I hardly ever eat oranges anymore. It’s not that I don’t like them. They are delicious and I have fond memories of sucking on orange slices in the sunshine after my childhood soccer games.
That was back in San Francisco, however, where perfect oranges are easy to find. I live in Seattle now and I find the oranges here particularly unreliable. I avoid eating them altogether so that I do not experience the disappointment of biting into one only to find the pulp dry and the flesh tasteless. There is simply nothing worse than a dry orange.
This does not stop K, however, from purchasing armloads of oranges. I’m not sure if he fears scurvy or their color (one of his favorites) draws his attention to the exclusion of all other fruits at the grocery store. It is not uncommon for him to return from the store with a bag of oranges. This leads to an excess of oranges in our house. He has good intentions, but forgets that I won’t eat them. Then, he forgets to put them in his bag before he goes to work. They go bad and I send them back to the earth in the compost pile. It’s always the same.
Thus, in the spirit of changing things up and possibly less waste, I decided to use one of those sorry oranges this week. And, really, what better thing to use them in than a quick bread?
Are you familiar with the quick breads? You should be. I know I talk an awful lot about baking bread and the loveliness of yeast. All of that is so true, but, let’s face it, there are times when you’re simply not around enough to punch down a loaf or wait for the yeast to bubble. That’s where the quick bread saves you. It’s all about tossing a bunch of ingredients, including the the juice of those neglected oranges or those cranberries you were saving, into a loaf pan and cooking it solid.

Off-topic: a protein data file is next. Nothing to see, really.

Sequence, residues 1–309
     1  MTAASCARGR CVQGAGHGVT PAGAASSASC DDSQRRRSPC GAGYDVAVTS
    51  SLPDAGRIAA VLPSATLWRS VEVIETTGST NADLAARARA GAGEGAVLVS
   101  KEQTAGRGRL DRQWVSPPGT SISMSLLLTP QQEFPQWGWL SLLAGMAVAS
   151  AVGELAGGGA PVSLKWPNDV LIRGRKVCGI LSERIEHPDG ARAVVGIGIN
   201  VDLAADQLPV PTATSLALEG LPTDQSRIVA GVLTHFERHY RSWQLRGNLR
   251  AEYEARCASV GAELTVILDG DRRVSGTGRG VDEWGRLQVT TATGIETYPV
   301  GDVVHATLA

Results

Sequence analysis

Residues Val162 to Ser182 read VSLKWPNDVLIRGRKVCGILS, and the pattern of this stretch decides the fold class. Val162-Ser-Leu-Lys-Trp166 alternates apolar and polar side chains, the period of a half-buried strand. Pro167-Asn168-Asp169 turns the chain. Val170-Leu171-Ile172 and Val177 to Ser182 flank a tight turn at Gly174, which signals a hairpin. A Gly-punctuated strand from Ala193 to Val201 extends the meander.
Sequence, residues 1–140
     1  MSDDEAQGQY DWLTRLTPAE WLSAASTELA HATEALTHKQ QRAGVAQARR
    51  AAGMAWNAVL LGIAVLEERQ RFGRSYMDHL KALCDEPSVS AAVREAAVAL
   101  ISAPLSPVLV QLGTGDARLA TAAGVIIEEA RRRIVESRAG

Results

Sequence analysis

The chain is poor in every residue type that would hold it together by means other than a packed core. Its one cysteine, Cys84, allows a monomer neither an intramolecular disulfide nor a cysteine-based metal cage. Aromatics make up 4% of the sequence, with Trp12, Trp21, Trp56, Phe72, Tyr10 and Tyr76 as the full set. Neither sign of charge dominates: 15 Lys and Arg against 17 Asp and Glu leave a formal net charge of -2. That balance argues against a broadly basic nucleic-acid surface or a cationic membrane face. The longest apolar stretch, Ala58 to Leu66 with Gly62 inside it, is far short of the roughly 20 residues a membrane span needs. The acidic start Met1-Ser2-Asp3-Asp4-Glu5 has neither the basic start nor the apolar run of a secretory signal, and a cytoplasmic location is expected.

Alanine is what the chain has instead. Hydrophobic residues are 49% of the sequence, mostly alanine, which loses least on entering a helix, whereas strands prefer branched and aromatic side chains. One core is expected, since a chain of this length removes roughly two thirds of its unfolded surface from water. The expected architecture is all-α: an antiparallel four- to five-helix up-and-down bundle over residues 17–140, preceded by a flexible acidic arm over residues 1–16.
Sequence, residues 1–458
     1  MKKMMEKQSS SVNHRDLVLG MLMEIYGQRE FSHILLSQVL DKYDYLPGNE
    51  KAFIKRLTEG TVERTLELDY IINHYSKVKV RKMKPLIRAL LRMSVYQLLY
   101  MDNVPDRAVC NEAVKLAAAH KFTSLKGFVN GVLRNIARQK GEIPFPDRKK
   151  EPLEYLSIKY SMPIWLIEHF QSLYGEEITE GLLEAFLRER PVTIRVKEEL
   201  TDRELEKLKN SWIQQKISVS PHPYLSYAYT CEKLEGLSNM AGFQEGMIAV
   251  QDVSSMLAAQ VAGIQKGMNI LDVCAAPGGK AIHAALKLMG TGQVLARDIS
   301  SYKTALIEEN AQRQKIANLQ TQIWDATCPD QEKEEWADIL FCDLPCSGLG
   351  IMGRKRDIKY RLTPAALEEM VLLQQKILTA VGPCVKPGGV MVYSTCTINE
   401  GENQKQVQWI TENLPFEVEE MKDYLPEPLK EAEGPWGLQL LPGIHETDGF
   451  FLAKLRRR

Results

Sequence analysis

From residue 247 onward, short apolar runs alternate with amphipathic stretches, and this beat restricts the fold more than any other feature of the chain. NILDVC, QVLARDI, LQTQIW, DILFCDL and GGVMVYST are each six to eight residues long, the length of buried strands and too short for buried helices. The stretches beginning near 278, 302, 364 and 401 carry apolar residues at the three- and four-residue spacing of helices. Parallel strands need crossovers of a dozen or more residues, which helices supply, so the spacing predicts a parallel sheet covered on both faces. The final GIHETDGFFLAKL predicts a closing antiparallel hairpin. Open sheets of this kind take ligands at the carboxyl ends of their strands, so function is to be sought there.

Good stuff. I mean it. I love a good quick sweet bread with an afternoon tea. It’s one of life’s simple pleasures. I encourage you to indulge. I encourage you, if you have a questionable orange, to squeeze it silly so that you can make this delicious bread.
Cranberry Nut Bread
2 cups raw cranberries
1/2 cup white sugar
1 tablespoon orange juice
6 tablespoons butter
3/4 cup honey
2 eggs at room temperature
1 cup buttermilk
2 and 1/2 cups all purpose or white whole wheat flour
1/8 tsp ground cloves
1 tsp baking soda
1 and 1/2 tsp baking powder
1/2 tsp salt
1 cup chopped pecans
Preheat the oven to 375 degrees. Spray or butter and flour a bread pan or 18 muffin cups.
Put the cranberries in a saucepan with the sugar and juice. Cook over high heat, stirring frequently, until most of the berries burst and the sugar is dissolved, 4-5 minutes.
Cream the butter and honey in a mixing bowl until light and fluffy, then add eggs one at the time and beat until smooth. Add the buttermilk. Combine the dry ingredients except the nuts and stir half into the batter. Add the cranberries, then the remaining flour, and fold in the nuts. Spoon the batter into the pan and bake in the center of the oven until well browned on top and a toothpick comes out clean, about 1 hour. Turn onto a rack to cool.
Source: Vegetarian Cooking for Everyone, Madison